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Re: Memories of Swing Tipping

Post by SeanM » Wed Apr 08, 2015 9:36 pm

You're right Jerry - it's certainly a lot more sensitive than a quiver tip, or, more probably, the resistance doesn't increase as the fish moves away. Casting is a bit of an acquired art though as you need a much smoother action than with a quiver tip.

It might work on a low Summer river Santiago, but even then I suspect you'll need to load it with a bit of lead wire.
Quot homines, tot sententiae. (And now we are 6!)

Old-CodJA

Re: Memories of Swing Tipping

Post by Old-CodJA » Sun Aug 16, 2015 7:21 pm

I must have fished some of the same matches as Flightliner and with some success between 1968 and 1985 too. Swing-tipping was the most successful method as he says and we had some huge catches of 'slabs' off the Fenland Drains.

I agree with Jerry, 15 - 20 degrees off vertical and with the rod set at an angle to the usual fishing position so that a steady, sweeping strike could pick up line and connect with Bream at a distance across the wide Welland, the Relief Channel and many similar Fenland Rivers & Drains.

I always made my own swing-tips, some from cane, sometimes I shaved down the thin fibrous green canes that you find pushed into plant-pots, but more often from the top foot taken from very fine hollow glass tip blanks (fine point nearest rod) and some from knitting needles.

The best swinging link material in my opinion is bicycle valve rubber or a hollow silicone equivalent because of it's flexibility, which remains the same in cold weather when bite detection could be critical. The early very thick Nylon or plastic extrusion links can become very stiff in freezing weather

The length of the swing-tip is also very important according to venue & conditions. I have swing-tips up to 14 inches long with 5 inch valve rubber links that are very sensitive.

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Michael
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Re: Memories of Swing Tipping

Post by Michael » Mon Aug 17, 2015 11:15 am

JerryC wrote:I have used them in years gone by but at the time of its popularity I was mainly on the rivers using more suitable methods . in my opinion the best positioning for the tip is about 20 degrees from vertical, with the end of the tip just touching the water. This allows the tip just enough movement to indicate drop-back bites as well as forward takes. It’s a good method on stills as it’s more sensitive than a quiver and the fish feels no resistance.
SeanM wrote:You're right Jerry - it's certainly a lot more sensitive than a quiver tip, or, more probably, the resistance doesn't increase as the fish moves away. Casting is a bit of an acquired art though as you need a much smoother action than with a quiver tip.

It might work on a low Summer river Santiago, but even then I suspect you'll need to load it with a bit of lead wire.
Funnily enough I`ve been experimenting with my own swing tips, using bicycle valve rubber as the "hinge" material and varying the length of said, also when required increasing & decreasing the weight on the tip section, albeit the amount of weight used/added is nominal, good results. I also experimented with split cane tips, but found them to be far to insensitive to use, now shelf decoration..... Yes, casting accurately is an acquired art...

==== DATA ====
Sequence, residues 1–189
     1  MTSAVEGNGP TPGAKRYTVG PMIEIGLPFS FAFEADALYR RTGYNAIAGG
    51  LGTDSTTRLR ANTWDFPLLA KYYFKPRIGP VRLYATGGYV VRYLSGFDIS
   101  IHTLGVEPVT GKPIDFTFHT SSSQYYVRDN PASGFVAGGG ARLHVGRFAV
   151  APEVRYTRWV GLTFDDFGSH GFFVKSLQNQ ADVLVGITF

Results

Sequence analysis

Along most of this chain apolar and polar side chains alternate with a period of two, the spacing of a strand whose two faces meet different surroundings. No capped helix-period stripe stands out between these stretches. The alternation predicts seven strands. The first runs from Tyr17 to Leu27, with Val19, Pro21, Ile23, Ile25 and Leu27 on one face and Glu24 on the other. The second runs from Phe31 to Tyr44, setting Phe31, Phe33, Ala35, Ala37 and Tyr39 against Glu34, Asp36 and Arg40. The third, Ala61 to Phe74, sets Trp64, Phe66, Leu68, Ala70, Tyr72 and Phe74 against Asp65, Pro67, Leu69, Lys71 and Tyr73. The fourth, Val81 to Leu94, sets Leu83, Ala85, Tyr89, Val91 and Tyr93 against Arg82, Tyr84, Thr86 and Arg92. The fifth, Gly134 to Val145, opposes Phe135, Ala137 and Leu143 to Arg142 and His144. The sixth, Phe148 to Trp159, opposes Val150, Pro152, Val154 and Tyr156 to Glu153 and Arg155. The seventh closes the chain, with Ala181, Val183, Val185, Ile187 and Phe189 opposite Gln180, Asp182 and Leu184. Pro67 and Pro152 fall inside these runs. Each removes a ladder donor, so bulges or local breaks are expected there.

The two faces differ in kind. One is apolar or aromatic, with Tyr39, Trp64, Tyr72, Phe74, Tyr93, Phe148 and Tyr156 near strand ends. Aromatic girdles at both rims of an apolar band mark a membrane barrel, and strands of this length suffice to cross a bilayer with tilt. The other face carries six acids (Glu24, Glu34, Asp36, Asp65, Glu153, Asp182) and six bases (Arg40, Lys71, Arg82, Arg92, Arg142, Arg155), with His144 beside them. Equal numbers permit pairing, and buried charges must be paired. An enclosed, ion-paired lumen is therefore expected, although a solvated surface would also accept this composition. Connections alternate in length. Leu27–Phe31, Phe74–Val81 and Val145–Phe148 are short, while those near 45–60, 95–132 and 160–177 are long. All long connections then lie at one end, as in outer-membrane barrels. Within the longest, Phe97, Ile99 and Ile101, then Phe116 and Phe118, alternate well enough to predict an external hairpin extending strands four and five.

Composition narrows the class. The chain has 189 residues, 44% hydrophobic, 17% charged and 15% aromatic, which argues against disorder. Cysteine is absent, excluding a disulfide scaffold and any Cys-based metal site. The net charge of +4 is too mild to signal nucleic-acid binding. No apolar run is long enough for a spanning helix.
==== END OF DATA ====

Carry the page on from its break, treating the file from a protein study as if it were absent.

Everything we hear is an opinion, not a fact. Everything we see is a perspective, not the truth
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Stathamender
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Re: Memories of Swing Tipping

Post by Stathamender » Mon Aug 17, 2015 4:20 pm

Funnily enough I`ve been experimenting with my own swing tips, using bicycle valve rubber as the "hinge" material and varying the length of said, also when required increasing & decreasing the weight on the tip section, albeit the amount of weight used/added is nominal, good results. I also experimented with split cane tips, but found them to be far to insensitive to use, now shelf decoration..... Yes, casting accurately is an acquired art...

Can you still get valve rubber? I thought it had vanished completely, certainly they know nothing of it at Halfords but then they appear to know nothing about a lot of things there.

Fred Foster was opposed to the use of it on tips finding it 'totally unsatisfactory' as it was 'too sensitive' and therefore very difficult to use in any kind of wind. He preferred the solid nylon cable kind of link (which you can get on swing tips these days from Metal Mickey) and I tend to agree. I've tried them both. On completely still water with no, or virtually no, wind I would use the valve rubber one, but any kind of movement or wind and I prefer the nylon link ones.

Fred always used the same length of link (3") but varied the length of the tips (10", 8" and 6"). He was also opposed to the use of fluorescent paint on the ends of tips but here I part company with him. I generally paint the top 2-3" below the tip ring in fluorescent orange enamel or, my latest enthusiasm, neon pink nail varnish (no undercoat or top varnish needed.)
Iain

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Re: Memories of Swing Tipping

Post by Tony1964 » Sun Nov 22, 2015 4:48 pm

I nearly always use a swing tip when ledgering on stillwaters. The fact that I can sit in a tight swim with the rod pointing straight out through the reeds is a real bonus. Access to swims like that would be impossible with a quiver tip rod unless fishing beach caster style. I have a growing collection of tips including the Fred Foster types mentioned earlier. Each tip suits a different situation, long, short, thick, thin, weighted etc. I wouldn't be without them. The odd shout of "oi mate your rod's broken" that I get from other anglers makes me smile.